Monday, March 14, 2016

2016-03-14: Michigan Beekeeprs Association Conference

It must really be Spring time with the annual Michigan Beekeepers Conference here again.  My friend Keith and I went on Saturday as usual.  The keynote speaker was Gary Reuter from the University of Minnesota.  He had two sessions and talked about what the general public think is wrong with bees (CCD) and what beekeepers think is wrong with bees (Varroa).  The general theme I found throughout the conference was "test and know your mite levels" and "varroa are killing your bees".

Breakout sessions:

Our first breakout session was on swarm traps done by Matt Tannana.  He was a very good speaker and managed the class questions very well.  He does Top Bar hives and his swarm traps were all Top Bar style.  His information followed the book Honeybee Democracy by Tom Seeley and he referenced the book a few times.  I've read it before and I highly recommend it.

Our last session was Pests and Pathogens by Dr. Megan Milbrath.  This is the same person from the Northern Bee Network that I bought queens from this past summer.  She is also a very good speaker, natural and funny.  She tried to be upbeat about a subject that can really be a downer for sure!  My biggest takeaway from her session was a new approach to Varroa control.  I have always been against treating the bees with chemicals and instead using Integrated Pest Management tools and looking for a genetic solution to pest problems.  Well, she opened my eyes to a bit more of a middle ground that seems acceptable.  The approach: If a hive has out of control mite levels, treat and then re-queen.  The benefit here is: the hive doesn't die, you cycle through genetic combinations quicker to find the ones that work and you aren't creating a "mite bomb" when your hive crashes.  So the remaining question is, if I decide to treat a select hive, what do I use?  I think one of the Organic Acids is probably the way to go.  I need to do more research.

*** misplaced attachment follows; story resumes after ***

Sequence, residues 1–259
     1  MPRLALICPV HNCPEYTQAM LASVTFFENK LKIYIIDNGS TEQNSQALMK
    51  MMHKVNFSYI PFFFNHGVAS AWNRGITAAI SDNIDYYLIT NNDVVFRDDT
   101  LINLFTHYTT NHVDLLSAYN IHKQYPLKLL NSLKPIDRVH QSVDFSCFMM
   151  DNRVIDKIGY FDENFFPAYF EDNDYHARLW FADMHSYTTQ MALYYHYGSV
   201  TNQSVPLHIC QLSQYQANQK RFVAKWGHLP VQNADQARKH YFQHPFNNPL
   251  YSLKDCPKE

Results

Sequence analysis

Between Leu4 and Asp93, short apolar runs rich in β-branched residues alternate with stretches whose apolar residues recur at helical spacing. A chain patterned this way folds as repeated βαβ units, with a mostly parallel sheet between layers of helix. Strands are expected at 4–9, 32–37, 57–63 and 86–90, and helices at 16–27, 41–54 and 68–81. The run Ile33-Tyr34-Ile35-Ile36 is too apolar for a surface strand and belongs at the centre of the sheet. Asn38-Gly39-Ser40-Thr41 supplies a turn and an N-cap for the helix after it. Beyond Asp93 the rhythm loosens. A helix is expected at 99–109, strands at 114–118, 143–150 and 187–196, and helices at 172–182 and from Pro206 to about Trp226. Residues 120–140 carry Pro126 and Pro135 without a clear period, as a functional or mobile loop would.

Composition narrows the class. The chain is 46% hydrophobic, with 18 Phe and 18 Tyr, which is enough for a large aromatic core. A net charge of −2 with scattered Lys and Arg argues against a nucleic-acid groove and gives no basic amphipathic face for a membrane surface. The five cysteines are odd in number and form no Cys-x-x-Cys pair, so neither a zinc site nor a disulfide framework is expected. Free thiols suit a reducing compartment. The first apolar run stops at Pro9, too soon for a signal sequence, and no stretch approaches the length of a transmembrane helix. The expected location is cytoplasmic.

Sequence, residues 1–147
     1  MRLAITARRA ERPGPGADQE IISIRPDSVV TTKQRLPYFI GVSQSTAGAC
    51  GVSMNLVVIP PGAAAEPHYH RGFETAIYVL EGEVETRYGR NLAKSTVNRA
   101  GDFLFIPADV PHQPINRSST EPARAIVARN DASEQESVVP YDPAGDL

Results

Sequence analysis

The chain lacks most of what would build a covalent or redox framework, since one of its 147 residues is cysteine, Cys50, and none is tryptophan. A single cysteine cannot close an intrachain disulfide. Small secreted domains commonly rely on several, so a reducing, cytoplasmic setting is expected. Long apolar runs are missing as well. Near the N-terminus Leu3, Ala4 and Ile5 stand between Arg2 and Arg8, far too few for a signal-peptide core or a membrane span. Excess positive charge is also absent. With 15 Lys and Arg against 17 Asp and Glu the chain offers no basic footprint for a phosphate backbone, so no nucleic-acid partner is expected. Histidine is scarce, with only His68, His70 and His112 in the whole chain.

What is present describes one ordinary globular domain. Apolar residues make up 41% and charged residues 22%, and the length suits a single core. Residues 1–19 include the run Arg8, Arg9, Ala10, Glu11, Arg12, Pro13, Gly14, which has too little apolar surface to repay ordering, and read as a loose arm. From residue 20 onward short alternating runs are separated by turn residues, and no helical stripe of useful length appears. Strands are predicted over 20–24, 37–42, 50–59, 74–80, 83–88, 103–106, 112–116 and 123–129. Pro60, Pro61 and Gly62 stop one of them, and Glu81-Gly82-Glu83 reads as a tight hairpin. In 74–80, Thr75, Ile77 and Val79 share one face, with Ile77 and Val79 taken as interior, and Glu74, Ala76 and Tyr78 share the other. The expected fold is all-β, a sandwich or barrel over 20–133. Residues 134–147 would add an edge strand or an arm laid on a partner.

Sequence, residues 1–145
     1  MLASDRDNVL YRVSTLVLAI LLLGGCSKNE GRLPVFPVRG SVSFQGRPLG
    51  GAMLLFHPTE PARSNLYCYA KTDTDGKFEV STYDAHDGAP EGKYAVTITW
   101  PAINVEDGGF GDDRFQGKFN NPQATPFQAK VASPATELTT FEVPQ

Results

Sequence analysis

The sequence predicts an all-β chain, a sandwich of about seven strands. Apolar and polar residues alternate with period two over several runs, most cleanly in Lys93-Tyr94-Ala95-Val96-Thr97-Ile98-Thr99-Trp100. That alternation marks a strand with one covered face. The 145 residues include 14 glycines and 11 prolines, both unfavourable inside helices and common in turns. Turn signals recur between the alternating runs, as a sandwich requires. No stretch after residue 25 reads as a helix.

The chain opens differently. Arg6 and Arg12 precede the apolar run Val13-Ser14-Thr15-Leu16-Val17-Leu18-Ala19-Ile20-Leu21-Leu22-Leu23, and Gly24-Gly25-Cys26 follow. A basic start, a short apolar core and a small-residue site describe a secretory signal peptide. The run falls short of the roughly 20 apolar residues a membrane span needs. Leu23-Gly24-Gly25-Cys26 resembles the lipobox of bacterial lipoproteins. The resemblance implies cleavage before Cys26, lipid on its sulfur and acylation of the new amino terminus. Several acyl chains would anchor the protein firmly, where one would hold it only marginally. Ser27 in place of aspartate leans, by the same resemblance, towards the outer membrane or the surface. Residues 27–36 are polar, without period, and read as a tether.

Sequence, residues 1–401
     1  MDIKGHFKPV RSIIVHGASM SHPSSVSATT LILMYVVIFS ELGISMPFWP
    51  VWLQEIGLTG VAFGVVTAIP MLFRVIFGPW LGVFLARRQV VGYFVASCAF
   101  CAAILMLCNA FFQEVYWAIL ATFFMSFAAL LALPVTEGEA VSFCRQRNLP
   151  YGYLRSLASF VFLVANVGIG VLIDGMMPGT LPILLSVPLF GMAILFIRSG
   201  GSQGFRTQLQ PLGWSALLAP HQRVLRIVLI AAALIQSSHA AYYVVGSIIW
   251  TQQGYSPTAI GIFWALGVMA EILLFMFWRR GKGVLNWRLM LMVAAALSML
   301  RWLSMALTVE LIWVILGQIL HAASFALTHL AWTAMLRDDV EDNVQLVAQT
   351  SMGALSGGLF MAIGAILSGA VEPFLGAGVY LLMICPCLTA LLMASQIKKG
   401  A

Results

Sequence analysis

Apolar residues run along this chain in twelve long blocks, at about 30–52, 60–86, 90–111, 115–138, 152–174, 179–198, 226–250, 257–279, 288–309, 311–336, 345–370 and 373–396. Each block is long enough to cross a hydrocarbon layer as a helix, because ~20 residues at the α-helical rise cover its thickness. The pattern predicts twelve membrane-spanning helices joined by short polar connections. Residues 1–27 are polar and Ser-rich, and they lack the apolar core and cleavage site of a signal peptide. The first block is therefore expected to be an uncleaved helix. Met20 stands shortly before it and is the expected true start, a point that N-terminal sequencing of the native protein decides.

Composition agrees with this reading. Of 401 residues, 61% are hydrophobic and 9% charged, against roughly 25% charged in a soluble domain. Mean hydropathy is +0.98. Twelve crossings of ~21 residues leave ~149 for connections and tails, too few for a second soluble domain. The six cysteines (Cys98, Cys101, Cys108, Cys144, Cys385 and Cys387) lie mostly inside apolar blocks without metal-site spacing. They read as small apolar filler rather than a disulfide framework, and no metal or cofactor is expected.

It seems like every year there is some new gadget that shows up for beekeeping.  This year it was the package funnel.  Basically a piece of corrugated plastic that folds out into a funnel of sorts and instead of roughly dumping a package of bees into a hive, you gently invert the open package on top of this funnel on the outside of the hive and the bees just move down into the hive on their own.  I suppose that would work just fine but I guess I've never had an issue installing them with the shake method, so whatever floats your boat!


On another depressing note, since I became allergic to bee stings this past summer and recently had an issue/reaction to my allergy shot AND we may be moving in the near future, I will be getting rid of my bees this Spring.  Originally I thought I'd just sell everything and quit but I think I may decide to just move the hives to some friend's houses that have bees and at least I could live vicariously through their beekeeping and see how they progress.  Lots of changes coming up but I guess that is what happens in life!

As always, thanks for reading.


  1. I'm really sorry to hear about the issues with allergy shots, etc. It makes beekeeping very stressful and I don't blame you for wanting to get out. That and a possible move causes a lot of stress.

    Thanks for the info about varroa. I had been hearing the same sorts of things from HoneyBeeSuite, etc. I used the MAQS last year and liked them. The bees did fine with them. It's interesting advice to treat And re-queen, but it makes sense.

    1. Yeah, it is a bit of a bummer.

      With the goal being genetics that can handle Varroa with no treatment, instead of having one life cycle per year (with the hive living or dying at the end of it), potentially you could have 2 or more per year. Hopefully this will allow you to arrive at some sustainable genetics quickly. Then you can just re-queen from your own stock!